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  • Jul 13th, 2017 @ 1:12pm


    "Many of the companies that I work with ask the producers and the artists to declare all of the tracks that may have been used as inspiration for their new tracks,"

    Well, that's easy; In that box under the question you write, "Every single piece of music I've ever heard may have inspired this track"... Because that's how creation works!

  • Jul 11th, 2017 @ 8:48am

    Re: Re: Re:

    So again, am I missing something?


    Do you see another option to actually solve this problem?

    Well, I dunno. Maybe starting from the premise of your country that all people are created equal and accepting that you're talking about people and not abstract and awkward results of an unbalanced equation of law? "Rule of law" does not have to mean "inhuman"

    but if sufficient support does not exist to legalize more immigrants (and I see little evidence that there is), why is supporting the existence of a disenfranchised underclass and its endless drip of misery so OBVIOUSLY superior to the (admittedly more dramatic, more sudden, and more visible) misery of deportation?

    This seems like pretty spurious argument to me. For a start it's not like the US has a huge welfare state, so I'm not clear how much "supporting" would need to happen beyond what already happens simply with them being there, which they already are. Secondly, from what I've read a fairly large amount of these immigrants work so they're actually contributing to the economy rather than sponging off it.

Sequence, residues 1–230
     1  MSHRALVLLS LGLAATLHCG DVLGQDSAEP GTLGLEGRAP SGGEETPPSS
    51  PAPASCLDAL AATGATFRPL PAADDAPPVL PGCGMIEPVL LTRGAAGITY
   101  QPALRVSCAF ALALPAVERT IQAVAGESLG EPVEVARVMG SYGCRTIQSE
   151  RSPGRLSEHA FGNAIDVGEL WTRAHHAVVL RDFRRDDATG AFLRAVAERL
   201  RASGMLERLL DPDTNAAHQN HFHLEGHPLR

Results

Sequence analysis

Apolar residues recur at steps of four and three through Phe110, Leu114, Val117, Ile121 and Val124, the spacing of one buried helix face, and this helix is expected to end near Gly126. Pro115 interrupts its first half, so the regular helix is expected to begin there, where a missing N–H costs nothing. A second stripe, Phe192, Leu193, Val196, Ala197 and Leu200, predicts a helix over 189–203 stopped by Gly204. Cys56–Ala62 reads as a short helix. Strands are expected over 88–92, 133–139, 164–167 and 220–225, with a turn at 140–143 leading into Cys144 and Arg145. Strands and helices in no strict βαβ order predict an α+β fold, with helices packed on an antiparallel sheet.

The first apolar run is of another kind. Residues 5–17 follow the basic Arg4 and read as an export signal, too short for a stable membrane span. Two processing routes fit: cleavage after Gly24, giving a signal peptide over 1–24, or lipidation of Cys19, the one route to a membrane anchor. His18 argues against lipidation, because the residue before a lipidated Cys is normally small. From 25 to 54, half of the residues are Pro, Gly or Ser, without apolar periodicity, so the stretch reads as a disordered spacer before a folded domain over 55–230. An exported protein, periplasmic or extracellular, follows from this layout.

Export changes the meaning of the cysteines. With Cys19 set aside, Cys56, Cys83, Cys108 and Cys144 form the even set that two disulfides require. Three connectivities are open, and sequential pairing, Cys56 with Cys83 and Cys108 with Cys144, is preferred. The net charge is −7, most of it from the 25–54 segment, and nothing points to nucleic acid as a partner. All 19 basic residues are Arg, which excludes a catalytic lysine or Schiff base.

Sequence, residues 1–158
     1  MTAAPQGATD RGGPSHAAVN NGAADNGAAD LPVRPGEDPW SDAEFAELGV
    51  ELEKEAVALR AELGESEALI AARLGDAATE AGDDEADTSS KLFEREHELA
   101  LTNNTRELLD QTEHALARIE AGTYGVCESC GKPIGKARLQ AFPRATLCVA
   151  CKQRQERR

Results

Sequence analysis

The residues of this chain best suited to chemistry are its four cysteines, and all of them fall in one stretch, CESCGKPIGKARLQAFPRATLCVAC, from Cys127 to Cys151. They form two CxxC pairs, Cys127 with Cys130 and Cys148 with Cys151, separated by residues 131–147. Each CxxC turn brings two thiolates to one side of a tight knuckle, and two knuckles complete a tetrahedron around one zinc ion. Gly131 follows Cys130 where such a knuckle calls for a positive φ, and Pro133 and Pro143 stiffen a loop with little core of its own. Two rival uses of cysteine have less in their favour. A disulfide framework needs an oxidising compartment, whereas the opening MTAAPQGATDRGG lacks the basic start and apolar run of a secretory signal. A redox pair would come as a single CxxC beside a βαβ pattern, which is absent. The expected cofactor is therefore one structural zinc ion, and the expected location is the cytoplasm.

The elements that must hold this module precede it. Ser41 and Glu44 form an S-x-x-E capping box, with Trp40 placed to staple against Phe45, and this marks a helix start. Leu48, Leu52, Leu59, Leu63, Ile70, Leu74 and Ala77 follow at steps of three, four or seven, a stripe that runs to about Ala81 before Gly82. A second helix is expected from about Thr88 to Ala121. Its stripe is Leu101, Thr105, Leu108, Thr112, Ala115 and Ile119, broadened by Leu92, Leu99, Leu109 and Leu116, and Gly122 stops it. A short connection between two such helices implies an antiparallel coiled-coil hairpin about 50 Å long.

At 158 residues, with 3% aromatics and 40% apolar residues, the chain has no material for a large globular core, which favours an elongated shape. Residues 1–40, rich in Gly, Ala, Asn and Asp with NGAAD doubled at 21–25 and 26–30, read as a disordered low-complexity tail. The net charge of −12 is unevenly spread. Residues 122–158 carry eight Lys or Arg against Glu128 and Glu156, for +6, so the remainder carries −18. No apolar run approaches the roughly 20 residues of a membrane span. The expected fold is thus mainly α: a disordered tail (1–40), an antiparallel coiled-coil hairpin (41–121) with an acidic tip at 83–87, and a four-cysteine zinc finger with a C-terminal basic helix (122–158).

Also not sure how you get to the binary choice of "supporting the existence of a disenfranchised underclass" vs. "misery of deportation", but the fairly obvious answer to your rather contrived question would seem to be; "It's 'obviously' superior because the people to whom it is happening repeatedly choose the one over the other"

  • Jul 10th, 2017 @ 9:57am


    As Cato's David Bier points out, the ICE memo has "rogue agency" written all over it.

    Or (hastily dons tin-foil hat), an agency operating exactly as desired? The "president's" words on the subject lean more to what's actually happening than the EO, which is written that way because; "This wording is in the excutive [sic] order for two reasons: to avoid legal challenges and to prevent manpower waste."

  • Jul 7th, 2017 @ 7:28am


    and then coming out saying that people are leaving because its down to piracy

    Well of course! Piracy is the root-cause of terrorism too, isn't it?

  • Jun 23rd, 2017 @ 9:39am

    Re: Re: Extremist views

    Given insightful vote for this, even though technically it comes under the category of "well, duh!"

  • Jun 23rd, 2017 @ 7:18am

    Re: Re: Hah!

    Because evidence matters, dumbass.

    Think you should have started that one with "Once upon a time..."

  • Jun 23rd, 2017 @ 7:16am

    Re: Re: Re: Re:

    If that were true we'd have to ban shopping malls.

    Not to mention professional sport.

  • Jun 23rd, 2017 @ 7:13am

    Re: Re: Re: bad solutions for made up problems - the modern way

    Prostitution is not and never has been a glamorous trade, it's dirty, nasty, and dangerous for most women.

    Is this from personal experience or an assumption from media? I'll grant that it's not exactly savoury and I can't imagine many girls thinking, "I want to grow up to be a prostitute", but how much of the "dirt" and "danger" is due to it being mostly illegal?